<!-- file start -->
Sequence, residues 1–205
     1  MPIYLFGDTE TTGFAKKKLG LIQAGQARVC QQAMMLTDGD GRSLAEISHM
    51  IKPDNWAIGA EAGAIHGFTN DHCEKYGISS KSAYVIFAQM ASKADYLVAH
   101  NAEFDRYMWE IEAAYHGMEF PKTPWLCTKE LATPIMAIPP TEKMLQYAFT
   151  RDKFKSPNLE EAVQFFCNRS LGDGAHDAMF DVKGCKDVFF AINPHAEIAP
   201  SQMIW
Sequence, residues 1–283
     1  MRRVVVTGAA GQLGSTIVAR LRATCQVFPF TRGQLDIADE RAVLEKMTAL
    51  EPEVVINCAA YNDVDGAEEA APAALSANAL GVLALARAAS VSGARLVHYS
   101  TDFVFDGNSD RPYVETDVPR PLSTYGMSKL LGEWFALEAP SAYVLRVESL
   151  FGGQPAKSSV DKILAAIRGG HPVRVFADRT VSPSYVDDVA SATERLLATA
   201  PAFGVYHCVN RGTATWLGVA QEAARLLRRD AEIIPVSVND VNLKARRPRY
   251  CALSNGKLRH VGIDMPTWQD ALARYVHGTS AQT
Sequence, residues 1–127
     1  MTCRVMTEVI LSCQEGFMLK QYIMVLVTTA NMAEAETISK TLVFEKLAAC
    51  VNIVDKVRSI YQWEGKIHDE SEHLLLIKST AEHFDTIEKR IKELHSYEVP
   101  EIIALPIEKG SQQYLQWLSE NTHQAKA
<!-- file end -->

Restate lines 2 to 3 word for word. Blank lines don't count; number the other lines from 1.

     1  MPIYLFGDTE TTGFAKKKLG LIQAGQARVC QQAMMLTDGD GRSLAEISHM
    51  IKPDNWAIGA EAGAIHGFTN DHCEKYGISS KSAYVIFAQM ASKADYLVAH